To One Unnamed II
- Poetry of Li Shangyin


- Last updated: 2024-04-06 19:46:40

To One Unnamed II by Li Shangyin





English Translation

A misty rain comes blowing with a wind from the east,

And wheels faintly thunder beyond Hibiscus Pool.

...Round the golden-toad lock, incense is creeping;

The jade tiger tells, on its cord, of water being drawn

A great lady once, from behind a screen, favoured a poor youth;

A fairy queen brought a bridal mat once for the ease of a prince and then vanished.

...Must human hearts blossom in spring, like all other flowers?

And of even this bright flame of love, shall there be only ashes?


Why Chinese poems is so special?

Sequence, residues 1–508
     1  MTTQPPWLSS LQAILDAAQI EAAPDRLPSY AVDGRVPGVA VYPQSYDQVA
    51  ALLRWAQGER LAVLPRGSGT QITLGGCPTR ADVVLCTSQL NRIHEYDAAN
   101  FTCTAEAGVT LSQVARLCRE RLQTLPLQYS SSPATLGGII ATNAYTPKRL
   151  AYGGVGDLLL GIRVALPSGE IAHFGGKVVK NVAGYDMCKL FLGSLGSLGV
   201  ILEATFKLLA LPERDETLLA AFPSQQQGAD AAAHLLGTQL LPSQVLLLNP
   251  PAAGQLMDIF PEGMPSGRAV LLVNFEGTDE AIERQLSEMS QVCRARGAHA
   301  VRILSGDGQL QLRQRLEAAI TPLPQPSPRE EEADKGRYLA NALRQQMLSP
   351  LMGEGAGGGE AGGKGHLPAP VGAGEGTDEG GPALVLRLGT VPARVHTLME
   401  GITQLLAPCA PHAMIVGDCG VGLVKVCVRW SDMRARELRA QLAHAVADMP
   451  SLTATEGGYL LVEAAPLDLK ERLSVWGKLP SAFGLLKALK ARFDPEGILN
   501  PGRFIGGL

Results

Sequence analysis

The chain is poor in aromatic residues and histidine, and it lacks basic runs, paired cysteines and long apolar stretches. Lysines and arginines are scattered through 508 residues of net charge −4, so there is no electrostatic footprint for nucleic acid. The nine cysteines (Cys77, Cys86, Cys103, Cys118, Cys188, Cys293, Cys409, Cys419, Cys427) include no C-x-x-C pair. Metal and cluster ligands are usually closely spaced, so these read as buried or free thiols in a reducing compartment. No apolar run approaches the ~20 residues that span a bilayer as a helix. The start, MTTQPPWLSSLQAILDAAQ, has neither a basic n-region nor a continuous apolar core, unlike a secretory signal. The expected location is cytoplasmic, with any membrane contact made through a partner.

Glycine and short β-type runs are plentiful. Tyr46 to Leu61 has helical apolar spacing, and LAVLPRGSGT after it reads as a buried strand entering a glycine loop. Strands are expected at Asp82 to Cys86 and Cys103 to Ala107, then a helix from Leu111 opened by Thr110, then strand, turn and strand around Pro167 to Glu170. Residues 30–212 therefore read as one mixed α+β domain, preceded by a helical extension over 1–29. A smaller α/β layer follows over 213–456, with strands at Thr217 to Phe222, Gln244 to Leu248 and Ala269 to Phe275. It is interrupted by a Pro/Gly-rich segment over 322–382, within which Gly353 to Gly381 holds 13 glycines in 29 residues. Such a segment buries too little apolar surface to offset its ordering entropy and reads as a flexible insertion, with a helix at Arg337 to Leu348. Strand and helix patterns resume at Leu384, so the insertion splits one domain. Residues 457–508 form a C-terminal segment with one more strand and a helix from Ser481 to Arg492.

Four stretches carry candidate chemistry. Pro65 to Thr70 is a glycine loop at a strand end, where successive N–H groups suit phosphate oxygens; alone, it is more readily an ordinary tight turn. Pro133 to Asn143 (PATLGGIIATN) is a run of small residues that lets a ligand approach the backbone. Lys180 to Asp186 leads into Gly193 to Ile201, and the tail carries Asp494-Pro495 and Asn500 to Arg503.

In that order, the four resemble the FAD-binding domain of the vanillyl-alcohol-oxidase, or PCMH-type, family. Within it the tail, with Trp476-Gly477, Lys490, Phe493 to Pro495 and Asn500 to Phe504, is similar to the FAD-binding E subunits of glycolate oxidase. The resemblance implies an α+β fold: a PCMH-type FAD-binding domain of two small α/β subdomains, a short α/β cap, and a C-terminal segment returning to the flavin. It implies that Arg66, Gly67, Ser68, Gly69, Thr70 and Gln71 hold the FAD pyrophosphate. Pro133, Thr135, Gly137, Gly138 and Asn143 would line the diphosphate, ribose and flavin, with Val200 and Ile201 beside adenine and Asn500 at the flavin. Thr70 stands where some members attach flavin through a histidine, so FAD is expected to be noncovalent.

The most distinctive features of Chinese poetry are: concision- many poems are only four lines, and few are much longer than eight; ambiguity- number, tense and parts of speech are often undetermined, creating particularly rich interpretative possibilities; and structure- most poems follow quite strict formal patterns which have beauty in themselves as well as highlighting meaningful contrasts.
How to read a Chinese poem?
Like an English poem, but more so. Everything is there for a reason, so try to find that reason. Think about all the possible connotations, and be aware of the different possibilities of number and tense. Look for contrasts: within lines, between the lines of each couplet and between successive couplets. Above all, don't worry about what the poet meant- find your meaning.

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